What did Hopium choose to call its first car model? The Machina, of course. You can’t make sh*t up better than this…

I often say that I have a high tolerance to hopium because I was once a hopium addict myself. I was a true believer in hydrogen, until I spent a couple years working directly on a project trying to make small reformers and other equipment for making hydrogen to supply fuelcells. It was intense study and practice with the material which woke me up to what others have known about it for a considerable period of time.

What’s the antidote to hopium? Information and analysis done by disinterested parties. I try my best to be part of that. And when I believe firmly that a technology has promise and is a good solution, I do try my best to establish the limits within which that conclusion is accurate. Electric vehicles being just one such for-instance. My first article about energy and decarbonization matters was in fact written to take on a #hopium fuelled fallacy popular in the EV media at the time.

I also co-wrote with James Carter a series of articles which were quite popular with readers but not with the media outlet who chose to publish it…they like telling happier stories I guess.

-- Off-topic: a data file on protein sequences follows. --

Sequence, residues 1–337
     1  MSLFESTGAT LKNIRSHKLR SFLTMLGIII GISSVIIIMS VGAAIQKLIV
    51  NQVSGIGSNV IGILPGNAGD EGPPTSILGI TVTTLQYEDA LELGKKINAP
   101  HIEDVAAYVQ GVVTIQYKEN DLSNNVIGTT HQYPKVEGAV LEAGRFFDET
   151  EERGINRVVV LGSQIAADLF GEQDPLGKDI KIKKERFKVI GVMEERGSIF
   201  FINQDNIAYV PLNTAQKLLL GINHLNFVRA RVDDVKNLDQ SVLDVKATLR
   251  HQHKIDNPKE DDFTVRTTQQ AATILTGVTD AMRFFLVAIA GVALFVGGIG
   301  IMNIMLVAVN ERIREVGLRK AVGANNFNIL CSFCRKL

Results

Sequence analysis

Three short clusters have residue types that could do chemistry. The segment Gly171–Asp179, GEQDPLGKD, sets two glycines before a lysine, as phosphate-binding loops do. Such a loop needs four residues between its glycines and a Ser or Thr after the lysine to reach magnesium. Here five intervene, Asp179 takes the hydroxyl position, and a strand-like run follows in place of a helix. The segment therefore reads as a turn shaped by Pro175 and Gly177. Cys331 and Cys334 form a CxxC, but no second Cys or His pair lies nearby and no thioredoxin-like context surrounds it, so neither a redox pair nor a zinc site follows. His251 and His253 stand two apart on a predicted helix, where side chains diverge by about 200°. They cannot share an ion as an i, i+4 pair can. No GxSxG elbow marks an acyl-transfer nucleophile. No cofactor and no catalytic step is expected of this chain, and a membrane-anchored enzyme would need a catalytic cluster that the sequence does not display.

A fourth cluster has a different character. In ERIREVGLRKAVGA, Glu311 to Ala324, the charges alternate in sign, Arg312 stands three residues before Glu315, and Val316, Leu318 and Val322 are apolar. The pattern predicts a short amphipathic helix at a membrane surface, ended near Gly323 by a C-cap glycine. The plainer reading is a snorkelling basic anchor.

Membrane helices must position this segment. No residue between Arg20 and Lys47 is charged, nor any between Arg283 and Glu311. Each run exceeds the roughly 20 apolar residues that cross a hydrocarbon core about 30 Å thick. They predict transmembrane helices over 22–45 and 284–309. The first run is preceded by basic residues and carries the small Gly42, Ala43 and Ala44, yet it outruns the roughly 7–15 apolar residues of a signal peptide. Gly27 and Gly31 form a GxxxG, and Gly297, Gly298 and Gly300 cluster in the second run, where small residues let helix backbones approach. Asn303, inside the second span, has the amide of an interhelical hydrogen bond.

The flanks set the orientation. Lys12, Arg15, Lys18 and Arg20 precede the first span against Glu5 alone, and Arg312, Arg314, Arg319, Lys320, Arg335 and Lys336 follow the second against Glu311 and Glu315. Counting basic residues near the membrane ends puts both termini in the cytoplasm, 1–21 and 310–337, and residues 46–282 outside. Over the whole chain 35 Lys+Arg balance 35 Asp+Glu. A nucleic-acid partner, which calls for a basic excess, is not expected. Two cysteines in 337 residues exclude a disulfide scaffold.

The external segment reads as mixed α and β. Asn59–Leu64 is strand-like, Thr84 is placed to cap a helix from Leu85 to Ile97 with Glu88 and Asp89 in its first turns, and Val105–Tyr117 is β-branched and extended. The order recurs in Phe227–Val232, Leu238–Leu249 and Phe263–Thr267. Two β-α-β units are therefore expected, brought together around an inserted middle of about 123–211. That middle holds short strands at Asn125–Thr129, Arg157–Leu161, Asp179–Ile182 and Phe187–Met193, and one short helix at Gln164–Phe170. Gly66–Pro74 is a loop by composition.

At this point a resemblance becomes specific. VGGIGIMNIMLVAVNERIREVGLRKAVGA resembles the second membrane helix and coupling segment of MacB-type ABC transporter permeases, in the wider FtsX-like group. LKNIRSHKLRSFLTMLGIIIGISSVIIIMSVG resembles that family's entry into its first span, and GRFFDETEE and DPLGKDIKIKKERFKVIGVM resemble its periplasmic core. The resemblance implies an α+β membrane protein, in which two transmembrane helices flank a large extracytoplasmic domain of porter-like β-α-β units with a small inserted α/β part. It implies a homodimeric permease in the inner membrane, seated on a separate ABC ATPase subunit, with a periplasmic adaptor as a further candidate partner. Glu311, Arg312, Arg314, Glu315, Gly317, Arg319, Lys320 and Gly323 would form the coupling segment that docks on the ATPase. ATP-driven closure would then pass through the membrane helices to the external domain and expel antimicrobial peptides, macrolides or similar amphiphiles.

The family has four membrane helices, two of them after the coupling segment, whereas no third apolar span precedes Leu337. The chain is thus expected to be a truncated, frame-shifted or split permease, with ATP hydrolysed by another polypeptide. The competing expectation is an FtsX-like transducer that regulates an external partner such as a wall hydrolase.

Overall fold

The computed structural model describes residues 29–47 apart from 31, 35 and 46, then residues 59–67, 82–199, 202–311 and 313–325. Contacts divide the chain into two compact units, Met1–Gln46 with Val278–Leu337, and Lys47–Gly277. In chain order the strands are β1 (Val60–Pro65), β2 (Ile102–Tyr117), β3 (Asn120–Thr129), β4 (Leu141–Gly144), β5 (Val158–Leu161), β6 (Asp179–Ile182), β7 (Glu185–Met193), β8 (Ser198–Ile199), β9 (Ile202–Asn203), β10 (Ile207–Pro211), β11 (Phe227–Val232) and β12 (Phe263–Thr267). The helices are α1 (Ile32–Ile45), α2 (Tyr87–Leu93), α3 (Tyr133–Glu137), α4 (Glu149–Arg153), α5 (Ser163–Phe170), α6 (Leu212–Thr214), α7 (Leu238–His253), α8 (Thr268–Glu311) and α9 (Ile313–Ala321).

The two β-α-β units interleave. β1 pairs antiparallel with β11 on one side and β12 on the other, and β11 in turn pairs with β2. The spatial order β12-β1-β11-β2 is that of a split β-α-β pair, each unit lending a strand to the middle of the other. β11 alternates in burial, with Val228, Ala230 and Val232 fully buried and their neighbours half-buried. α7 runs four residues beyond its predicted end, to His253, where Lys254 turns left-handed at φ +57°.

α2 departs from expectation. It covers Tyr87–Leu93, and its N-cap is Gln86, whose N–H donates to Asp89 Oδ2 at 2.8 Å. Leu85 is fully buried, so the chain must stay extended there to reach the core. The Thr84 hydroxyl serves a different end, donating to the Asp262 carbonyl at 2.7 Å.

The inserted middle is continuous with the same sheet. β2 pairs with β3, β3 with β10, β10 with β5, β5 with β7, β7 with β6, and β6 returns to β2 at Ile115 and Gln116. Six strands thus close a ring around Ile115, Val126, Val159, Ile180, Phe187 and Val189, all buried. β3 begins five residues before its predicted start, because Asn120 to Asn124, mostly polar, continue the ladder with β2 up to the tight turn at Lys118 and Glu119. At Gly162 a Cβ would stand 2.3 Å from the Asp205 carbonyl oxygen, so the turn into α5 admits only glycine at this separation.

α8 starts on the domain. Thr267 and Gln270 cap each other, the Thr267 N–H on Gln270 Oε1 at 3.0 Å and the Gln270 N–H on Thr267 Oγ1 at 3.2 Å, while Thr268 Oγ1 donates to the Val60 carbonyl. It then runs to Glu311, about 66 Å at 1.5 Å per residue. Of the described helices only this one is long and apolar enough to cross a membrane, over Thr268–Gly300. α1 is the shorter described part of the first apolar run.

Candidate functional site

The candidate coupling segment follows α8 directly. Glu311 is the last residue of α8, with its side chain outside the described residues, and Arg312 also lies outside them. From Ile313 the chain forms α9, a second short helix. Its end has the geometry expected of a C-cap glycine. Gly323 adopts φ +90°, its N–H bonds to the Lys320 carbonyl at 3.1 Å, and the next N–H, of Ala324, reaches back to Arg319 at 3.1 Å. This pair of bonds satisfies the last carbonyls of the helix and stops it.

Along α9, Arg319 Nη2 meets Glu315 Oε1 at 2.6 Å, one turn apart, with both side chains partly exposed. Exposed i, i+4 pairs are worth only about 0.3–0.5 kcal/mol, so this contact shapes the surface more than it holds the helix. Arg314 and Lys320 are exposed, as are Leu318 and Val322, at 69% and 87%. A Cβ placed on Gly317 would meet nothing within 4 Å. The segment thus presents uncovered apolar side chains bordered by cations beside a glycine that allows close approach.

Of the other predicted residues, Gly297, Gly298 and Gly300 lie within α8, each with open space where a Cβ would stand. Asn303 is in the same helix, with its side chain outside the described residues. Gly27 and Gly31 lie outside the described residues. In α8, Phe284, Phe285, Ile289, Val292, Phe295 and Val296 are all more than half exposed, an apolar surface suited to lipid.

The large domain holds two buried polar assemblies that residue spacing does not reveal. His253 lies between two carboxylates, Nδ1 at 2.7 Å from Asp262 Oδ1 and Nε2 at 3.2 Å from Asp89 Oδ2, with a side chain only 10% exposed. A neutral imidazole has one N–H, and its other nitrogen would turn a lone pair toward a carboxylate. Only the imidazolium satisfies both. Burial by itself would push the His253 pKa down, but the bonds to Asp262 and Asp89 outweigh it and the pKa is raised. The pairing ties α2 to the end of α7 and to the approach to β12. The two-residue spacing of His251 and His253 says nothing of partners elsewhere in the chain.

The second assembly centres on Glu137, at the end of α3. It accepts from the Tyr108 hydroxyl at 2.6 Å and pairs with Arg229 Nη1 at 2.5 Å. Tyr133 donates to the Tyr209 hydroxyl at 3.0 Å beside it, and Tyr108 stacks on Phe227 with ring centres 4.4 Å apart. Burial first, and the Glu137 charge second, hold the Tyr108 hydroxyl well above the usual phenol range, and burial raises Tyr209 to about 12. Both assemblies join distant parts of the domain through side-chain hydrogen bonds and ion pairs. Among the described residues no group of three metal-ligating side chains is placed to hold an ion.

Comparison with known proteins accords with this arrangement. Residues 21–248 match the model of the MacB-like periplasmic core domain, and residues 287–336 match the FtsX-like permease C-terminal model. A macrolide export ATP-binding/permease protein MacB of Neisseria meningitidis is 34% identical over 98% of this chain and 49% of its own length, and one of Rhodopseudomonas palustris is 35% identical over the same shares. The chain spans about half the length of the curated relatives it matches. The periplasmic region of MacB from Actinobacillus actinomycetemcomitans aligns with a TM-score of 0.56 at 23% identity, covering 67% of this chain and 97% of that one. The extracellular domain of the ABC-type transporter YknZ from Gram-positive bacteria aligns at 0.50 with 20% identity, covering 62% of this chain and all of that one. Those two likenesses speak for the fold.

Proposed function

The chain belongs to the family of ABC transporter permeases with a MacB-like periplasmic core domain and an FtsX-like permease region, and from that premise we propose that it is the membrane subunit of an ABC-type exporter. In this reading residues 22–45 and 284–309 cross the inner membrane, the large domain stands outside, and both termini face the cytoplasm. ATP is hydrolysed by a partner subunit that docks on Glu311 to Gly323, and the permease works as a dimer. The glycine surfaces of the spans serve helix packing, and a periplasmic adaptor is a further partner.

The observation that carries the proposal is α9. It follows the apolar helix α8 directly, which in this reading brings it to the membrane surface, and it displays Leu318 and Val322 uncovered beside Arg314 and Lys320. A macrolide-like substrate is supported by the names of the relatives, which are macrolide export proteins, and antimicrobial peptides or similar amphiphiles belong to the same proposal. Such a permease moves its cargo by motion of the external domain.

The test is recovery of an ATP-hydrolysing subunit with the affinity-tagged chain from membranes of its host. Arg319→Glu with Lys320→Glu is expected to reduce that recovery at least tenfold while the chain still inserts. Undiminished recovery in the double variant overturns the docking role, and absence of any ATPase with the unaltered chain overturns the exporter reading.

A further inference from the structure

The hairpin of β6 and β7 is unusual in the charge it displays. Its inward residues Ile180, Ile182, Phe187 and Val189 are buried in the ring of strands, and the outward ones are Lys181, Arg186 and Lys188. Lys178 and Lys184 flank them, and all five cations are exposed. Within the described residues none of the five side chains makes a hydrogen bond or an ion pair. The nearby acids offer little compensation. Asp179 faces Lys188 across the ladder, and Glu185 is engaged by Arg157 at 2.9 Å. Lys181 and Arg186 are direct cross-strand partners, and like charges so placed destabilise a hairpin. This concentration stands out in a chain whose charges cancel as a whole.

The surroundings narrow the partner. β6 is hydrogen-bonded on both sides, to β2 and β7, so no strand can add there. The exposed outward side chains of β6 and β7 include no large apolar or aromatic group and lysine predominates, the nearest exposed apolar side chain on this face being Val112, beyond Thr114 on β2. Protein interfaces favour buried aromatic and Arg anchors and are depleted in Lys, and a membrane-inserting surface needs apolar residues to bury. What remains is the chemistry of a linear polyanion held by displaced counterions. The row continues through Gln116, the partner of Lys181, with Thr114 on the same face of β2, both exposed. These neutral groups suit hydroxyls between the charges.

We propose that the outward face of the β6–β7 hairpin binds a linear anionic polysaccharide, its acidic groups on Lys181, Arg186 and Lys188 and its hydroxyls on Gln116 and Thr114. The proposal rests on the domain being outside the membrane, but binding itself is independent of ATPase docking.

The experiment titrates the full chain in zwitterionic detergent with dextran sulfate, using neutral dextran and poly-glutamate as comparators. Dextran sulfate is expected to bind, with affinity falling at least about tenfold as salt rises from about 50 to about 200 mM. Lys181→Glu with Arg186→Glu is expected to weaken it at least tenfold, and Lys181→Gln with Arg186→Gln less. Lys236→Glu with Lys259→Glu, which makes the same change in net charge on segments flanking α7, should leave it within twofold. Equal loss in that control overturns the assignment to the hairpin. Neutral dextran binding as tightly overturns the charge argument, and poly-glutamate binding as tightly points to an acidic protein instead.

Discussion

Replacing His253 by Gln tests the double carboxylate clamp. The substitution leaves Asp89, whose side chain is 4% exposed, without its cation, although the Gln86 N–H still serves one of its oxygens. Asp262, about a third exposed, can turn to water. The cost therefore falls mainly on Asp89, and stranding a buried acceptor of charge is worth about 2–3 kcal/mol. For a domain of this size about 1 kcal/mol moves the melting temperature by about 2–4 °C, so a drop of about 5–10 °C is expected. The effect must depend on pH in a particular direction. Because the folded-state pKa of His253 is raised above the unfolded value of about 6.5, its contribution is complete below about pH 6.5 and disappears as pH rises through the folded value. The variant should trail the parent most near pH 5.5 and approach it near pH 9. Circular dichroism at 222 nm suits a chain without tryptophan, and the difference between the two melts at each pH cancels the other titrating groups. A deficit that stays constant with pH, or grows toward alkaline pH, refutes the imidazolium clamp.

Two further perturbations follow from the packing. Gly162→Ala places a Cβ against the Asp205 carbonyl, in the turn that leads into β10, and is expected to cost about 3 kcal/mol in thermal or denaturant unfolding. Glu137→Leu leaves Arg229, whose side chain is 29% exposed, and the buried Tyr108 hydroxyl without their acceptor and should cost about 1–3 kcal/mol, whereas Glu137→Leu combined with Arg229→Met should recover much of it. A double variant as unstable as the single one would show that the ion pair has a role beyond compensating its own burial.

How can you help to combat the #hopium epidemic? Well, sharing my articles is a help! Nobody is paying me to write them, and they are not written in response to personal or professional financial interest. My employer disavows all connection with my efforts, even when it sometimes brings them business, because it also brings out people who try to silence me by means OF my employer. They would prefer me to shut up about this stuff! But I have the opportunity to speak out and at this point in my career, I see that as a responsibility.

I advise you as my sister did: keep an open mind, but not so open that your brain falls out of your head. And be cautious and skeptical rather than being automatically negative- that can have you buying into nirvana fallacy arguments against things which really could be effective to help us with decarbonization. And work on solutions- real solutions, rather than easy ones. Here’s my suite of solutions- I mis-numbered them so there’s one left for